GC housing cost: 6th highest for GA public colleges
GC has the sixth highest housing rate out of the 25 schools in the University System of Georgia for the 2018-19 year.
A student living in a four-person suite on central campus will pay $3,425 per semester and $6,850 per year. Should a student stay on West Campus as a freshman in a four-person apartment, they will pay $4,555 for six months and $9,110 per year.
“When we look at GC as far as how we price ourselves, I have never desired to be the cheapest,” said Larry Christenson, the executive director of housing at GC. “It’s the same analogy of asking if you want the cheapest car? Well, no. Do you want the Lamborghini? Well, no. Most people want something somewhere in the middle. We have always under my leadership looked at that 75th mark as where we want to price ourselves.”
At the University of Georgia, staying in Busbee Hall with four bedrooms and two baths like at GC, a student will pay $3,371 per semester and $6,742 per year, $108 less per year than GC.
Much like a family business, GC university housing functions similarly. Every four to eight years, a roof on a dorm needs replacement. Christenson said that the cost of each roof replaced is around $250,000.
“This summer out at The Village, we knew we needed to start doing some work out there, so we did three roofs, well over a million dollars, and we replaced all of the air conditioning units in 1, 2 and 3,” Christenson said.
However, staying in a four bedroom, two bathroom suite at the Bellamy, an apartment complex near campus, a student will pay $3,330 for six months and $6,660 per year.
“Some students will look at that [housing price] and say, ‘Yeah, I can be cheaper off-campus,’ and I will never argue that not to be true,” Christenson said. “The off-campus price is always lower. They don’t have a full-time plumber, a full-time electrician, a maintenance person, 24/7 cops, buses running, which is not part of the residence halls but part of our budget. It’s all those kinds of things that have added cost that they don’t have.”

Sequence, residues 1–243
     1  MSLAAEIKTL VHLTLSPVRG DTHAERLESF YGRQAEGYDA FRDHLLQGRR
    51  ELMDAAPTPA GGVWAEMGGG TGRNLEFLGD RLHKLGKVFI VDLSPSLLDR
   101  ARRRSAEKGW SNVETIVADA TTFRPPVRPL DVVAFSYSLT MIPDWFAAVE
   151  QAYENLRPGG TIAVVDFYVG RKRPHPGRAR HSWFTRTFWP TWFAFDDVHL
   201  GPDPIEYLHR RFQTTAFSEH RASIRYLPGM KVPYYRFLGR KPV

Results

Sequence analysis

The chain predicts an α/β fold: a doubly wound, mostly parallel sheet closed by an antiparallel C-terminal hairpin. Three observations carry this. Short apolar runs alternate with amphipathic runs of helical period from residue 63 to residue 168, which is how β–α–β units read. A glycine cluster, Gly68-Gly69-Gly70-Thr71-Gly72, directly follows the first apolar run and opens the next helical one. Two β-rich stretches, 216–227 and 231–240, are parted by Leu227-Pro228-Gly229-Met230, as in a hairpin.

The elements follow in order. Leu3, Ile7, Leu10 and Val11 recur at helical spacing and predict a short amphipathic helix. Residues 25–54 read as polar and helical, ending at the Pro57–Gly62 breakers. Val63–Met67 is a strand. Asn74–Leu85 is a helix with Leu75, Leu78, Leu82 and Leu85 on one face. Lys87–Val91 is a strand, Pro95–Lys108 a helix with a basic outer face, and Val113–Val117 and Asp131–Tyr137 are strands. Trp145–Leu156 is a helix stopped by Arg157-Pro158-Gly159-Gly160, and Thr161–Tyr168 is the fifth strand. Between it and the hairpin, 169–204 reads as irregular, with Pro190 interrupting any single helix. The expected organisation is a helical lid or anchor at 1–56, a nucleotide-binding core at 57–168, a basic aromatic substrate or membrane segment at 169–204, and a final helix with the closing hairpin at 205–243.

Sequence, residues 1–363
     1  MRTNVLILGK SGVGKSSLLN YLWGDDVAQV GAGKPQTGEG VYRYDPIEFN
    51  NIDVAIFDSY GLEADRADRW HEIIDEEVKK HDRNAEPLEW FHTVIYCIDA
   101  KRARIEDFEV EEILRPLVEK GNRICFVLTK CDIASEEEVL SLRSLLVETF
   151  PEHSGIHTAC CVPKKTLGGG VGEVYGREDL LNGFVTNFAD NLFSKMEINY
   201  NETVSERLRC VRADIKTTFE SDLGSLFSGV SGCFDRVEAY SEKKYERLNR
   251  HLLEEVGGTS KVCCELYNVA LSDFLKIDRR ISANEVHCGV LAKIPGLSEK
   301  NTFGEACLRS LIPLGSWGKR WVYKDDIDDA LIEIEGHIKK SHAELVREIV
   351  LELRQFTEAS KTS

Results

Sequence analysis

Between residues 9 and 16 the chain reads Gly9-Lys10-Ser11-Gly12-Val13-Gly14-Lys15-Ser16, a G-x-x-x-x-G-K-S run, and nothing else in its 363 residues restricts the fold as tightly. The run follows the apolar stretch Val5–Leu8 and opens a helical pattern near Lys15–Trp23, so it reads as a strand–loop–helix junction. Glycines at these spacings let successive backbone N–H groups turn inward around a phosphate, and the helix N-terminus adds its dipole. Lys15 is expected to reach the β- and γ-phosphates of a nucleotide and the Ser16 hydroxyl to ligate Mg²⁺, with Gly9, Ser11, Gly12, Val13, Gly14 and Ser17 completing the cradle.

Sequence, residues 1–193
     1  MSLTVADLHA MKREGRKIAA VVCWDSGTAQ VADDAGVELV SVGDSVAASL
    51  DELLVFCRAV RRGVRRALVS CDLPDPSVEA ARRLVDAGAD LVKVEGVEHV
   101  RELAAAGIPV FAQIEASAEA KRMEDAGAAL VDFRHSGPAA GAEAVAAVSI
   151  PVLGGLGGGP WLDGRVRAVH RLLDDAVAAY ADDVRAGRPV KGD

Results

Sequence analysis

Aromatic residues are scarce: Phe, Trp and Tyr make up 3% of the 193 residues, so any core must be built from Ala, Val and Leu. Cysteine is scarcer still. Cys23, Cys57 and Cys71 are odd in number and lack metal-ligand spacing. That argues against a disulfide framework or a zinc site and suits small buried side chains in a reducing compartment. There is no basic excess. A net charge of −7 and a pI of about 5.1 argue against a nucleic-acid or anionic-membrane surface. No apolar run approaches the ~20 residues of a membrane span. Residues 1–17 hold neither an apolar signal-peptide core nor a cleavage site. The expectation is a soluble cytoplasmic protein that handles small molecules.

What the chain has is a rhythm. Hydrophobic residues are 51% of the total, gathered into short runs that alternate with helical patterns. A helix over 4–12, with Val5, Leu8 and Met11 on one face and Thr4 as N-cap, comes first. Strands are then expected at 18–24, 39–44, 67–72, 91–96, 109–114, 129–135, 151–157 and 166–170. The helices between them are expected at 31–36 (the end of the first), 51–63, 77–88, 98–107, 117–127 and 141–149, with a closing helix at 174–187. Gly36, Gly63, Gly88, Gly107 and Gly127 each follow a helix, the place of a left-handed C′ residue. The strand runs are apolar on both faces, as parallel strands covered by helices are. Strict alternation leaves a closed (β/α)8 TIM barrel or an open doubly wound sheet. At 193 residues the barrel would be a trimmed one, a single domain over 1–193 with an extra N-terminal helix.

Christenson said that GC has changed quite dramatically over the years, especially in the time from Dr. Rosemary DePaolo, the president of GC from 1997- 2003. Part of GC’s initiatives were to revamp the dorms on campus, which followed included the demolition of the former Napier, Adams and Wells halls.
In their place, brand-new dorms were built under the same names, and Parkhurst and Foundation halls were added in February of 2003. During this administration housing quickly moved away from linoleum oors, hard mattresses and communal bathrooms, to suite-style living today.
Sophomore Jessica Gratigny, a mass communication student, lives in a single suite in Foundation Hall. She shares a bathroom with her suitemate and pays $3,513 per semester and $7,026 per year.
“This is my second year living here [in Foundation],” Gratigny said. “With that price it includes water, electricity, internet, and it is pretty safe here, but I guess the only disadvantage is that people who live in apartments off-campus have more room with a kitchen and patio. Another advantage is that it is close to campus. Like I know some people have to drive or take a bus, like if they live at Arcadia.”
One part of the dorms students often wonder about is how full the dorms actually are. Mark Craddock, the associate director of operations explained that at the beginning of the semester, the residence halls are around 95 percent full, but because students drop out or because of financial reasons, the vacancy number slowly increases.
“We have less than 20 open spots,” Craddock said. “We had several upperclass students cancel their contracts within 10 days of move in, and then there’s no time to fill them.”
The numbers listed for housing follow a 3 percent increase from the original price of $3,325 in the 2017-18 year. The reason for this is because of a law in the state of Georgia about buildings on campus, that are not for educational purposes, have to sustain themselves financially.
When building a residence hall, University Housing has to borrow money from a private organization within the GC Alumni Association. That organization puts up the needed money to build, and each year University Housing reimburses the organization. However, because of interest on the money given, each year the price raises 3 percent.
“This is a model that is common through the state of Georgia because we cannot go to the state legislature and say, ‘We’d like to take out a loan,’” Christenson said. “They’ll say if it isn’t for academic purposes, you have to find another way to model it.”